Members of the project “Generating Employment and Sustainability in the South-Southeast of Mexico" (SURGES), led by the US Agency for International Development (USAID) and the "Agrovita" project by PepsiCo, signed an agreement to strengthen sustainable cocoa production in southeastern Mexico. This initiative aims to promote sustainable cocoa production by encouraging responsible agricultural practices and linking farmers with anchor companies.
USAID and PepsiCo will work together to develop technical assistance mechanisms to strengthen the different market segments of the cocoa supply chain in the region.
Mileydi Guilarte, Deputy Assistant Administrator for the Latin America and Caribbean Bureau, USAID, underscored that collaborative initiatives like this one can help empower small producers by inserting them into value chains, while creating a more sustainable future for generations to come. “Let's continue working hand in hand, forming alliances and making a real difference in the lives of those who feed our nations," she said. Meanwhile Flavia Schlesinger, General Manager of Mexico Business Services, PepsiCo, stressed that the agreement will help build a more resilient and inclusive cocoa sector in Mexico.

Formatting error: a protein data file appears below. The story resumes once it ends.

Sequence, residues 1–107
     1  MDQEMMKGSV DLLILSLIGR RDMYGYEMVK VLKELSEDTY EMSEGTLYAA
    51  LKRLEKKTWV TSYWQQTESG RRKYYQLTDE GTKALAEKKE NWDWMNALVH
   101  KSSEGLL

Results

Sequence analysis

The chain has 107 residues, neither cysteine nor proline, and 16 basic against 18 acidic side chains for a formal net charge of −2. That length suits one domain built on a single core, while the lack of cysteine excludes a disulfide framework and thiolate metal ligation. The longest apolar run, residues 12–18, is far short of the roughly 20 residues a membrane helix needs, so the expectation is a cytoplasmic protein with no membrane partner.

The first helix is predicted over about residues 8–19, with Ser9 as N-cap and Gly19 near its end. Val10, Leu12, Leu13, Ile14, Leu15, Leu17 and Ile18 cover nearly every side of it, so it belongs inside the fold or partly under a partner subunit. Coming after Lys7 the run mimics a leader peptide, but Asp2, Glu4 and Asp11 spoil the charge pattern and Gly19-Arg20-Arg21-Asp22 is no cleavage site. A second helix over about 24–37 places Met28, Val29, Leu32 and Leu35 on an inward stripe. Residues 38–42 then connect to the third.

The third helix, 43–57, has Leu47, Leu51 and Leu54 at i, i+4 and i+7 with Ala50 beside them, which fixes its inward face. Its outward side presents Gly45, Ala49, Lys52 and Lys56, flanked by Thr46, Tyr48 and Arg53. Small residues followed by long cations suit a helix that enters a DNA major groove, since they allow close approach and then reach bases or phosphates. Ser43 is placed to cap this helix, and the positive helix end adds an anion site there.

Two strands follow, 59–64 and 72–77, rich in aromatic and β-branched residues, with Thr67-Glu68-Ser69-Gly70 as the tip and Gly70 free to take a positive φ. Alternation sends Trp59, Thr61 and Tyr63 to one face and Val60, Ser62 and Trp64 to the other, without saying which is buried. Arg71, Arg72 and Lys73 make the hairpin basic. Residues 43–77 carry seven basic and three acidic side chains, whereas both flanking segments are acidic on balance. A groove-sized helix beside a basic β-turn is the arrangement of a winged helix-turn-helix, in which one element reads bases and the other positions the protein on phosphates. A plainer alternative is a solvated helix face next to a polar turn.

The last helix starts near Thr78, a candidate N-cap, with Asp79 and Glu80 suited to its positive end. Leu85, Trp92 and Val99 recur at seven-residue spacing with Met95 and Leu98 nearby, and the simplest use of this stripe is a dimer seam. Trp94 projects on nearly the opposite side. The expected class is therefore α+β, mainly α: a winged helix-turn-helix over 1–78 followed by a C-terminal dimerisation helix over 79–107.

USAID’s SURGES project focuses on developing inclusive and sustainable economic opportunities in the south of Mexico, specifically in the states of Veracruz, Yucatan, Tabasco, Campeche, Oaxaca, Chiapas and Quintana Roo. Meanwhile, Agrovita seeks to promote regenerative agricultural practices, fostering the well-being of vulnerable farming communities. By 2024, PepsiCo expects to benefit 1,000 small and medium-sized producers of banana, cocoa and palm oil, impacting over 30,000 people through activities aimed at improving health, food security and water safety in their localities.
In terms of production volume, Tabasco accounts for 66.9% of the total cocoa production, yielding 17,281t. Subsequently, Chiapas contributes 32.9% of the output, amounting to 9,346t, while Guerrero occupies third position with 236t, equivalent to 0.2% of the national production. At a global scale, Mexico’s cacao exports are minimal, with around 621t, of which 79% are sent to Belgium and the US.